Cellphones have changed my world
Cellphones are a big part of our lives these days.
Although the technology is rather young it is probably true that most of us would be lost without our cellphones. I recall first generation cellphones in the early 1990s. In remote Attawapiskat, we were so far removed from modern technology that we only saw these new phones on television. They are often referred to as bricks and for good reason because they really were huge rectangles of plastic that people toted around and chatted on. They were considered portable but I think they were not very practical and certainly could not fit in a pocket or purse.
These early phones were expensive to purchase unless you bought one on a plan. The first thing the cellphone business people set up was a way to sell the phone at a low price and then trap users into rate plans that were very expensive.
I know a friend who has some horror stories about those early cellphones as he ran up bills that were in excess of $1,400 a month. They were also deemed to be unsafe to a degree considering that research showed that there might be a possibility that the electromagnetic radiation used in the microwave range could be carcinogenic. Although, the phones have been modernized and are now very small and compact with weaker production of waves they still are considered a risk to health over long-term use. As a matter of fact, in 2011 the World Health Organization decided that long-term use could be considered a health risk and a carcinogenic hazard.
When I got into cell phones in the late 1990s they were smaller units than the brick type but still limited in range mostly because of a lack of a full cell tower system across the country and in particular the far north. It was still a big treat to be able to call someone while walking along the street, moving about in traffic and enjoying a meal in my favourite restaurant. All of a sudden it seemed in a few years that everyone had a cell phone and the streets were full of people on cells, they were chatting away on buses, in malls and even while driving along at highway speeds. The world just was not the same.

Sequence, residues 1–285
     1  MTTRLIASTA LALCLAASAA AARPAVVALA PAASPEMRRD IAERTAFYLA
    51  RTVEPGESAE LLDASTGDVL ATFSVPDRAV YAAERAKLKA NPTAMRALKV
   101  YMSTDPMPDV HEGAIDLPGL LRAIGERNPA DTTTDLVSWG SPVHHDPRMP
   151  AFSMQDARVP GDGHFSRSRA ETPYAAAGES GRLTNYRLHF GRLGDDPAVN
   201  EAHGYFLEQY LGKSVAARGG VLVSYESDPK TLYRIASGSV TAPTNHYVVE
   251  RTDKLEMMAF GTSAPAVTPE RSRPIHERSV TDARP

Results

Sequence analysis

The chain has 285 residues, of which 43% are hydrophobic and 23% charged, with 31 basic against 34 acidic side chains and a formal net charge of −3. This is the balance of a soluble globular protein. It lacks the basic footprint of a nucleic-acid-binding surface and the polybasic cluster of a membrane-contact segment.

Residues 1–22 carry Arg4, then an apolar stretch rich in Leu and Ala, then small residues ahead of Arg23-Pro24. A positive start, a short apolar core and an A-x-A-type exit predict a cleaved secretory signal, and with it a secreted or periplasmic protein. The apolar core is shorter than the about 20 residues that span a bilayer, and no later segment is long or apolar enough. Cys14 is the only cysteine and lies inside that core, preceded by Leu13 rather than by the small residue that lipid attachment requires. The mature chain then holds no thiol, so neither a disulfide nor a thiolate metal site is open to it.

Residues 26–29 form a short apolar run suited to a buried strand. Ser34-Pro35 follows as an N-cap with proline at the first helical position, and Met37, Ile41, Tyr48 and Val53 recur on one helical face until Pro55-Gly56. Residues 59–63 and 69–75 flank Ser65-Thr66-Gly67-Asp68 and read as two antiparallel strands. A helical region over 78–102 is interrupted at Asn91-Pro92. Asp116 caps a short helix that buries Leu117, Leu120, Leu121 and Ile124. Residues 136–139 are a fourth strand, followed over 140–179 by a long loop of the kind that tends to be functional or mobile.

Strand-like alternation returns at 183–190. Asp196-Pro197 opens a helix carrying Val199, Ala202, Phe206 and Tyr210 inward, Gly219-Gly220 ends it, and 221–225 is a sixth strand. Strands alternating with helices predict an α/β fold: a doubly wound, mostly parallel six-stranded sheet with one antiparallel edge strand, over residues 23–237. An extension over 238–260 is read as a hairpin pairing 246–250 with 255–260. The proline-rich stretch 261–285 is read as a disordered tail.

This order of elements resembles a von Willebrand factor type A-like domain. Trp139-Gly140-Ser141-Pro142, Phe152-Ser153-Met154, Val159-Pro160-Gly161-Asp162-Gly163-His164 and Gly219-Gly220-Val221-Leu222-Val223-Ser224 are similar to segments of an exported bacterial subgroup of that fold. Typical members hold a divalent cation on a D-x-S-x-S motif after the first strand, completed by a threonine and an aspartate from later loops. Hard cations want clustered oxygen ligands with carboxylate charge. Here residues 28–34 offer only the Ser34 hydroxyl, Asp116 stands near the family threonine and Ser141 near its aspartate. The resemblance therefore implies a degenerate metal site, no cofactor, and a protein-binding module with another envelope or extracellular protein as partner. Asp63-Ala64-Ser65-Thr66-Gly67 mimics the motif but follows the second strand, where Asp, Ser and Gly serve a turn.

The technology started out with a very limited 1G network that restricted cell phone use to a few areas in major cities or towns. Then it went to 2G when more towers were built and cellphones could be used more extensively and allow a person to move about. Next, it went to 3G which was the time frame I am most accustomed to where the cell tower signal networks really developed and so did the phone technology.
My first phones were really useful for phone calls but not much more and then I moved up to a newer phone that would allow me to access in a limited way to the Internet.
That was very cool but not always easy or possible to do depending on where I was located and the signal access. More recently, I enjoy what are now called smartphones which are cellphones that are more than phones and more like mini computers.
The smartphone type technology is available in all sorts of gadgets including iPads, a variety of tablets and an array of tiny phones with big screens and all kinds of possibilities due to added accessories and apps. If you have a smartphone type of cellphone you can set up your mini computer just about anywhere.
One of the most popular things that has come out of the cellphone advance has to do with texting. People can very inexpensively communicate with each other by just typing words onto the screen and sending it off to be read and replied to. Texting has gone crazy and just about everywhere I go I am surrounded by people texting each other and often in the same room. They are not bothering to communicate the old fashioned way by talking but they seem to prefer the silent plunk of little keys to keep in touch. It can be a little frustrating for people who are not into this technology to this degree. Most people I know who text are under the age of 40 or so and teens seem to be addicted to it.
I really do love my smartphone android but at times I am very content to put it aside and just read a book or take a walk on a wilderness trail. My love of the wilderness draws me to some very out of the way places and that dictates that I have to set my smartphone aside because the signal is too weak. It drives people nuts who want to contact me but it gives me the necessary withdrawal from a hectic and anxiety ridden world that spins us around too often and far too quickly. Time to put another log on the campfire.
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